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Meet RHex: the robot that jumps, flips, and does pull-ups

University of Pennsylvania scientists have potentially solved one of the biggest problems in countering rubble in rescue missions by creating a new robot that is able to jump and flip over obstacles. The new robot, named RHex, is a six-legged robot. Instead of a more common robot-look, the robot has curved legs, which the team says allow it to more easily deal with difficult objects to climb over. In a video on the Boston Dynamics website, which created the robot, Rex scrambles over a variety of natural obstacles, including a log. At one point the robot even flips upside down, but rather than flail helplessly as one might expect, it simply continues on as if it were still right side up.

“Legs have an advantage over wheels when it comes to rough terrain, but the articulated legs often found on walking robots require complex, specialized instructions for each moving part,” Evan Lerner from the University of Pennsylvania said in a statement.

Graduate student Aaron Johnson and professor Daniel Koditschek from the University of Pennsylvania are working on another version of the robot, labeled “XRL,” or X-RHex Lite. This model is both lighter and more agile, allowing it to more easily circumvent the obstacles presented in a set course. XRL can execute jumps and a short series of other moves, including pull-ups. The model is ideal for testing new ways for robots to climb and jump. In a video from UPenn, the robot is seen in slow motion, allowing the viewer to better understand exactly how it works. The curved legs move in a circular motion, propelling the robot forward and allowing it to climb steps. XRL is even able to thrust itself forward in a flip to allow it to climb obstacles taller than its legs.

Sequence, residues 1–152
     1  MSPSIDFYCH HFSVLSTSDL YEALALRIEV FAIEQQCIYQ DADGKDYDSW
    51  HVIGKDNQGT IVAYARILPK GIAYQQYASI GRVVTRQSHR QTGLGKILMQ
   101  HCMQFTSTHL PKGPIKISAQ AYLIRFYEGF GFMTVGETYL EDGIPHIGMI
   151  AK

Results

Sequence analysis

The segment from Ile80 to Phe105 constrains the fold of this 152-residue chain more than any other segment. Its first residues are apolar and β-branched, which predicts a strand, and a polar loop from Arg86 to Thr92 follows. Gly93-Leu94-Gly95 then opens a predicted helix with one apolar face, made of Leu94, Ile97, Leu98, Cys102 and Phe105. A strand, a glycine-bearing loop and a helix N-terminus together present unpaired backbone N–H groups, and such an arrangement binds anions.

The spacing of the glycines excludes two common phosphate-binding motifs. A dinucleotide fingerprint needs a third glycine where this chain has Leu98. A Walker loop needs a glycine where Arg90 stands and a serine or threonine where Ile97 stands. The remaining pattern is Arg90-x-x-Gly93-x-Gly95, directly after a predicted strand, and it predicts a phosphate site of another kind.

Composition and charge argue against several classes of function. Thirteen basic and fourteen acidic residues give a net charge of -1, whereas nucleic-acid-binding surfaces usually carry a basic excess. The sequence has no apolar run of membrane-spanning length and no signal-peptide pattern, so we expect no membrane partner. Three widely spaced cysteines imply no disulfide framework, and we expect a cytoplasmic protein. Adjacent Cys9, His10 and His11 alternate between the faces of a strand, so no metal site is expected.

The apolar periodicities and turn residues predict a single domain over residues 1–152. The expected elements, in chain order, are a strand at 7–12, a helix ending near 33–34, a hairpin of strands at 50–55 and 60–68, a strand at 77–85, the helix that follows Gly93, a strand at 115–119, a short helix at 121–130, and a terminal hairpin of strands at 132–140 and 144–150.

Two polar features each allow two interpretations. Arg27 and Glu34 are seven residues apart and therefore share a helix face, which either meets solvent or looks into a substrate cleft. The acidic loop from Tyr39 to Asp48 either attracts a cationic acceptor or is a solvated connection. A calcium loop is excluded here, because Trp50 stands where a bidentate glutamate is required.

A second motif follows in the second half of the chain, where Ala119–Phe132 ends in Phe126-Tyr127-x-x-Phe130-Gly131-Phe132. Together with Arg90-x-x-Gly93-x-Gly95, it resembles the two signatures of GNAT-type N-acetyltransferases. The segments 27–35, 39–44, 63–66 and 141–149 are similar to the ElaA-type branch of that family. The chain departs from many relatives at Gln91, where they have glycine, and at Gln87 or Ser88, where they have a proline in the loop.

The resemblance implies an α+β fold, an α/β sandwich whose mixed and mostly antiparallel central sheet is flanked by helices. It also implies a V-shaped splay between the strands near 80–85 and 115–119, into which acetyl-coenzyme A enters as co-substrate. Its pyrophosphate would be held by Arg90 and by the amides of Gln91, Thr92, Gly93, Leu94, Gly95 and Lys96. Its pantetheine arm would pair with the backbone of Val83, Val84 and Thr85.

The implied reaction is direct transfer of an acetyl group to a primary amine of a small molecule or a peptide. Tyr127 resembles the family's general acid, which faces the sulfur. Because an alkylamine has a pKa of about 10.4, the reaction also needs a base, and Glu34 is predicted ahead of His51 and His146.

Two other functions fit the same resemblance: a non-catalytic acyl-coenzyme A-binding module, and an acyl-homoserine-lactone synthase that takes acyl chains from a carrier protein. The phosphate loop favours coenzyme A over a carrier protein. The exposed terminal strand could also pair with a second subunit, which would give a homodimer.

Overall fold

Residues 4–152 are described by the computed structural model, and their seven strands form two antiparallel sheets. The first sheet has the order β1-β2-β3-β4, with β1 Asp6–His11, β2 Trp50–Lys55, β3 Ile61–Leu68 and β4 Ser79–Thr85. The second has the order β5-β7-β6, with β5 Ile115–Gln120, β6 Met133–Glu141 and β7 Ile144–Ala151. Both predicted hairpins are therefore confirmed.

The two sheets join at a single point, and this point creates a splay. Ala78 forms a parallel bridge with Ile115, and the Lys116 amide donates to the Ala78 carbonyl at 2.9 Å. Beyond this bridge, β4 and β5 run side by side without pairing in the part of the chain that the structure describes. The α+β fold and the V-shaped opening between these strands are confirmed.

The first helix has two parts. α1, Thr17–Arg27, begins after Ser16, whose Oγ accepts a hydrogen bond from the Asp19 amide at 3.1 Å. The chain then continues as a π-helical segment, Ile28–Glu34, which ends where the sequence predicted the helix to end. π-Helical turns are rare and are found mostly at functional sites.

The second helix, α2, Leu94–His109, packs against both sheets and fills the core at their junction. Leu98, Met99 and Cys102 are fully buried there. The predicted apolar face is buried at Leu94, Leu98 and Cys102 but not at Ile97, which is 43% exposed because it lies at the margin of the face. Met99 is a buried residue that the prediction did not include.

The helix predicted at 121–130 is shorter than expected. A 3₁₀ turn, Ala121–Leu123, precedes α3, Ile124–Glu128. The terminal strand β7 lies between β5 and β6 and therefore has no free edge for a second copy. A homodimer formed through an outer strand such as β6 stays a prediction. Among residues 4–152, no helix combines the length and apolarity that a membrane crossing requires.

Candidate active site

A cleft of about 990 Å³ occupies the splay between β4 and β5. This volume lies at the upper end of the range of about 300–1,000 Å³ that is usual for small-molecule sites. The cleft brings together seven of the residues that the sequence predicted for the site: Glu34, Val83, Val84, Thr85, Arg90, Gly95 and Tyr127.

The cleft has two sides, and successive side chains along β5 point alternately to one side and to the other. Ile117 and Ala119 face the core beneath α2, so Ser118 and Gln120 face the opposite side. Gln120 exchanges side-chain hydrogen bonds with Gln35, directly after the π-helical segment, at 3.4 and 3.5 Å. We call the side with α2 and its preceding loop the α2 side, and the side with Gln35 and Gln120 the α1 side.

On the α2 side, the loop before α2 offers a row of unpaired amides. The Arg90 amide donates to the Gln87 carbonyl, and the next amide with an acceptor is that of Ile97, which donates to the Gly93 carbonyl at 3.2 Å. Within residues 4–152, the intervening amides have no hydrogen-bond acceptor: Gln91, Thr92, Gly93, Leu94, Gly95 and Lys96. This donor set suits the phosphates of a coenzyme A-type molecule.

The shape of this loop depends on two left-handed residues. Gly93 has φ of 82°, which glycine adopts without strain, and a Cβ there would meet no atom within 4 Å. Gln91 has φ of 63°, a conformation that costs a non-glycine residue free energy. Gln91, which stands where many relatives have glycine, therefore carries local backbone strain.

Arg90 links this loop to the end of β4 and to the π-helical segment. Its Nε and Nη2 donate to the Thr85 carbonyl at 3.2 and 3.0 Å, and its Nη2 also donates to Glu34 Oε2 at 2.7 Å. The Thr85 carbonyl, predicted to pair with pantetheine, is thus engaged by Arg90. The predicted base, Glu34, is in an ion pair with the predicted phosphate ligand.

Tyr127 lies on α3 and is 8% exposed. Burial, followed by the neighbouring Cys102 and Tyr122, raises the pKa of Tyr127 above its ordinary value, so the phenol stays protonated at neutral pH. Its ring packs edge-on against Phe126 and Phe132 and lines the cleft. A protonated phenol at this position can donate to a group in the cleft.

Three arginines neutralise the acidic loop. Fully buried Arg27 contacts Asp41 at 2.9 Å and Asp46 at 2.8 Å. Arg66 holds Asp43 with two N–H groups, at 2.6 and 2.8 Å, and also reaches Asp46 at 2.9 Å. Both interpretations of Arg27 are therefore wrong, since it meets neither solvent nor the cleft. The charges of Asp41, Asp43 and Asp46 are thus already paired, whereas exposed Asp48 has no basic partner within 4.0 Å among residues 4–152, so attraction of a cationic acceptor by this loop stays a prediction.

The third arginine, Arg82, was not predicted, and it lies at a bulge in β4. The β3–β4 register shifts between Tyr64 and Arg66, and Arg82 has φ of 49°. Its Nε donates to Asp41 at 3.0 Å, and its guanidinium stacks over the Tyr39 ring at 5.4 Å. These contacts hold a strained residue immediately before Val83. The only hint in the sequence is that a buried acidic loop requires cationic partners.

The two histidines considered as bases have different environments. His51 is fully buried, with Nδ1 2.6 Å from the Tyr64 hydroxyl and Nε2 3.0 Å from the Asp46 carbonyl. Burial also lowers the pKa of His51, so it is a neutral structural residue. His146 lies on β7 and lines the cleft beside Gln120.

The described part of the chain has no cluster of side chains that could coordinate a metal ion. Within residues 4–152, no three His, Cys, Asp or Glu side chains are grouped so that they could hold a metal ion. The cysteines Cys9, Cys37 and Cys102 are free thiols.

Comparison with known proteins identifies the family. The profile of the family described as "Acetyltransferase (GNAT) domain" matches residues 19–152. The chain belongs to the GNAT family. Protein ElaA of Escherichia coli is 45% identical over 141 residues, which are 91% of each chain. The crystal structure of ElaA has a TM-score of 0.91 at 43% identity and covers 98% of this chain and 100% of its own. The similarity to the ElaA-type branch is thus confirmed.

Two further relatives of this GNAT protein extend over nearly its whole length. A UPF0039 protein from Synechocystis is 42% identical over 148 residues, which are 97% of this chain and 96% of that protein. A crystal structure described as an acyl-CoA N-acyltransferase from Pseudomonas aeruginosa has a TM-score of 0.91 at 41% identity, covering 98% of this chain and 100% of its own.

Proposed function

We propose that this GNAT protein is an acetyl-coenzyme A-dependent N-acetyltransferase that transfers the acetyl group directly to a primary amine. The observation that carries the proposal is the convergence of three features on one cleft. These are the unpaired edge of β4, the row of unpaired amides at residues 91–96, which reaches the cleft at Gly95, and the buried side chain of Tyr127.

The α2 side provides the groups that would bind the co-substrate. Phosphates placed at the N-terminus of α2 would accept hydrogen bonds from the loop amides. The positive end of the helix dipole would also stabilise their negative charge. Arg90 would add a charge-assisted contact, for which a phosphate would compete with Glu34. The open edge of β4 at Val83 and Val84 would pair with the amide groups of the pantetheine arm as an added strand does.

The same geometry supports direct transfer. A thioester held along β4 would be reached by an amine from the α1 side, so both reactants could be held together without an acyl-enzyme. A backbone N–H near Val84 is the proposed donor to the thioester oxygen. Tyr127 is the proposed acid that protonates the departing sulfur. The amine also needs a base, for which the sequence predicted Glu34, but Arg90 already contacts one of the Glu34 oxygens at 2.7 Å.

The team hopes in the future that the robot will become advanced enough to use it in terrain where it is difficult for humans to gain access. The scientists behind its creation suggest that in the future it could be used to zoom across long desert distances, or even climb rubble at disaster sites. With its current ability to scramble up over obstacles, that future is not that far away. RHex would be a strong asset at disaster scenes, potentially carrying a camera to allow rescuers to see more of the landscape or perhaps even transporting a small amount of supplies.

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